Illness Communication and Coping Behaviour in Youth With and Without Autism Spectrum Disorder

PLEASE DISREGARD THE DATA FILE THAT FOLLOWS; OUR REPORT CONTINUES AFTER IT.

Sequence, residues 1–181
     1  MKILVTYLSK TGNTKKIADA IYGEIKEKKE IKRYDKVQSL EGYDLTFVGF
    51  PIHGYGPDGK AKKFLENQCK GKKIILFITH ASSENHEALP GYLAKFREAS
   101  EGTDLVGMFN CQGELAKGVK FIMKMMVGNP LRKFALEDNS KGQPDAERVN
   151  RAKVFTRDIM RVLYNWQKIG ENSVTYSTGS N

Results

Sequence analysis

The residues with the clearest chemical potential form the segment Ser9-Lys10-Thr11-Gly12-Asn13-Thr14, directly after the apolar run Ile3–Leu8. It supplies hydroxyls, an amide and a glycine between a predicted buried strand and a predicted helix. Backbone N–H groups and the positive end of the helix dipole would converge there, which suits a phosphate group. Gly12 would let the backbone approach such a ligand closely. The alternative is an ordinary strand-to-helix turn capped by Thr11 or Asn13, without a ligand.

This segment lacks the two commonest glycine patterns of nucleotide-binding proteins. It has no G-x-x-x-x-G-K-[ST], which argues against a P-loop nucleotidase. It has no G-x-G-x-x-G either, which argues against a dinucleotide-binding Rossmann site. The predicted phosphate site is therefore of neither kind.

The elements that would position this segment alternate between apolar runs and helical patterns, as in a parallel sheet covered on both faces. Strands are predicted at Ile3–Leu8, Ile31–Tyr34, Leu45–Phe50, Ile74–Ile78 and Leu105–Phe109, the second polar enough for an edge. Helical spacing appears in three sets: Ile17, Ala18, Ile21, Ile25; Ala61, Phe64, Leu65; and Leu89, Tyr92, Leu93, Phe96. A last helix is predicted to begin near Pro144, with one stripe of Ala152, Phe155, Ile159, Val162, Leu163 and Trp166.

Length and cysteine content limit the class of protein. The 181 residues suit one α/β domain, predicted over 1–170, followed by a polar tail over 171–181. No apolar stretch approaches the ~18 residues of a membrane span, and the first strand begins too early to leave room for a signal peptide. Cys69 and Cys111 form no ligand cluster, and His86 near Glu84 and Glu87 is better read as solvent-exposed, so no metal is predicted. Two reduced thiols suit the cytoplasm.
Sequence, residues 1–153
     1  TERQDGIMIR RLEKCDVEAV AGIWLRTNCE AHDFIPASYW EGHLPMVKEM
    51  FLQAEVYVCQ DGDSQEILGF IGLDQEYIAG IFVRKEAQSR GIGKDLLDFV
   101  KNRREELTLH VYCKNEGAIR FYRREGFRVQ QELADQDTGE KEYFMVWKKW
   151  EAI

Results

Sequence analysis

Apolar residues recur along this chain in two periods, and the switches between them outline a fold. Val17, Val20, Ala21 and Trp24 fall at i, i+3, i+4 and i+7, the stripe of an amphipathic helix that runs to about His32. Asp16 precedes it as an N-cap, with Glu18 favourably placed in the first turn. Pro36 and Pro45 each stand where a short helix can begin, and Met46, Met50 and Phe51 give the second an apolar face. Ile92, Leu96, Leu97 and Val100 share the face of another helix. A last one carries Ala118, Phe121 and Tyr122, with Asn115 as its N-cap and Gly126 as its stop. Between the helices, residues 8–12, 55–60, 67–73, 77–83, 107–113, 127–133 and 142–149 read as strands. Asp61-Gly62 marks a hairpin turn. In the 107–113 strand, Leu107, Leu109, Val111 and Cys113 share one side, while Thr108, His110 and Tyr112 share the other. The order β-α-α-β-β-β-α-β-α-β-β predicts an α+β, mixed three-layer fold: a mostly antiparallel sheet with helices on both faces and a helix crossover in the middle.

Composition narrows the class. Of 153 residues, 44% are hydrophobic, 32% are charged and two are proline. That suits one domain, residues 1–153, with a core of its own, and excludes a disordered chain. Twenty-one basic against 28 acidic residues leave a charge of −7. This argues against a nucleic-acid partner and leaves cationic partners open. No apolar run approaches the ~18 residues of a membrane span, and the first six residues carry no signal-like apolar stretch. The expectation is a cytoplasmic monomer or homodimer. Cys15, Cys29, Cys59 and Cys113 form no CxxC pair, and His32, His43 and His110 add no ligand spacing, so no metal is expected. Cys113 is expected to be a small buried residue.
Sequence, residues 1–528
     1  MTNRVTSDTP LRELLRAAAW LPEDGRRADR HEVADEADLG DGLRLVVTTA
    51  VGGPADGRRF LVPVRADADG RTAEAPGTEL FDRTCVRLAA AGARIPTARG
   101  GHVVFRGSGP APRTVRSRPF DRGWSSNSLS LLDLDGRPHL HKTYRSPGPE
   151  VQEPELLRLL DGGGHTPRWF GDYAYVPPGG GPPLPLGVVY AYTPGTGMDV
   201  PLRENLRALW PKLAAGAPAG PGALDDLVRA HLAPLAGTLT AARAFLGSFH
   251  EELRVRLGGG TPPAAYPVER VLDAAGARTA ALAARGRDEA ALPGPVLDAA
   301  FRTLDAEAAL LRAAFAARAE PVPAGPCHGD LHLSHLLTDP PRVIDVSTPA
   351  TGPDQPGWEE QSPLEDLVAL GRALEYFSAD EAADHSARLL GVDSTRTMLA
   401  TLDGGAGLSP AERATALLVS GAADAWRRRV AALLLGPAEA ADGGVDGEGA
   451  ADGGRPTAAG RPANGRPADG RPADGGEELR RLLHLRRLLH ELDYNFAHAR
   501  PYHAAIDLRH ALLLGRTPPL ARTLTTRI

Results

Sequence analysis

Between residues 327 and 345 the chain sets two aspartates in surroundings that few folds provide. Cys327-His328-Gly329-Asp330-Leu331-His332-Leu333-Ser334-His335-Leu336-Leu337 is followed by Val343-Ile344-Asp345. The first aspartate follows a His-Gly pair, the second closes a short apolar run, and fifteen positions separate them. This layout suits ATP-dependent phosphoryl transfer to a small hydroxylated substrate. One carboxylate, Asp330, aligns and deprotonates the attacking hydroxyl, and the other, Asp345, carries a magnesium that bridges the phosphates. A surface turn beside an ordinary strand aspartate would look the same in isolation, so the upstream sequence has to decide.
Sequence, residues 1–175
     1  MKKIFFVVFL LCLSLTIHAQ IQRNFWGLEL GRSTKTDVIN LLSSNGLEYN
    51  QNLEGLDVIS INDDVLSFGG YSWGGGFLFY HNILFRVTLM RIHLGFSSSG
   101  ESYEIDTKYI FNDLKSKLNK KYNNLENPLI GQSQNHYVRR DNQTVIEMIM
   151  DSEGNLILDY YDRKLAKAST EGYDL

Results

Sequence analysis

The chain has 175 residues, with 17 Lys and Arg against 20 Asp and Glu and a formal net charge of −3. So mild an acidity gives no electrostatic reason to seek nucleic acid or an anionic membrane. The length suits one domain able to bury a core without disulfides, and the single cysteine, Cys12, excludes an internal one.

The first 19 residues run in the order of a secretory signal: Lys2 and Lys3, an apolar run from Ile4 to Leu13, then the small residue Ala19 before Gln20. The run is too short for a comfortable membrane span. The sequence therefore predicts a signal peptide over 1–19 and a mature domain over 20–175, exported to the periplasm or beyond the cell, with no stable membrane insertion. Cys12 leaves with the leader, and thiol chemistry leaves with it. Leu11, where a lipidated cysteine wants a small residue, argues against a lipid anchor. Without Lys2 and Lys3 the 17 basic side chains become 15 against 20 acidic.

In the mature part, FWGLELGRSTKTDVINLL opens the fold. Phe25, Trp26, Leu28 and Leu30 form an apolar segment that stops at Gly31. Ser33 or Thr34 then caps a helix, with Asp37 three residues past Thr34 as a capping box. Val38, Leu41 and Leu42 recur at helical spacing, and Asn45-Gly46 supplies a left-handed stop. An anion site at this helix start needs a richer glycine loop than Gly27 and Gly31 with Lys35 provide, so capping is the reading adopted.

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No previous studies have examined how those with Autism Spectrum Disorder (ASD) communicate or cope with symptoms of acute physical illness. Effective management of illness is important as it is related to an individual’s overall health and has implications for the spread of disease. I hypothesized that youth with and without ASD would demonstrate important differences in illness management. In the present study, I investigated parent- and self-perceptions of illness communication and coping behaviour in high-functioning (HF) youth with and without ASD. Participants were 24 youth with HFASD and 24 age-, sex- and IQ-matched controls, aged 9 to 17 years, and one of their parents. Data related to participants’ social communication, daily living skills, illness experience, and illness knowledge were also collected. Parent and self-reports of illness communication and coping behaviour were assessed using vignettes depicting characters with various ailments. Based on parent-reports, typically developing youth communicate illness using direct means (e.g., verbal reports) and utilize active (e.g., intervention-seeking) coping behaviours to manage ailments. In contrast, youth with HFASD were reported to use direct communication less frequently than controls. As such, parents of those with HFASD reported that they rely on observations of their children’s sick behaviour to determine when they are ill more frequently than parents in the control group. Youth in the control group were also reported to use more passive (e.g., emotionality, self-isolation, passive adherence) means of coping when ill with acute physical ailments, when compared to parent reports. Self-reports indicated that youth with HFASD perceived themselves as having significantly more “typical” illness behaviours (e.g., utilization of direct communication and active coping strategies) than their parents reported, whereas youth and parent reports in the control group were more consistent overall. Results of this study will provide important information for parents and practitioners that may subsequently be used to help children with ASD develop strategies for communicating about and coping with illness effectively. A model, emphasizing skill deficits that may prevent youth with HFASD from managing illness effectively, was also developed. Limited insight in the domain of health behaviour may be a particularly important focus for future interventions.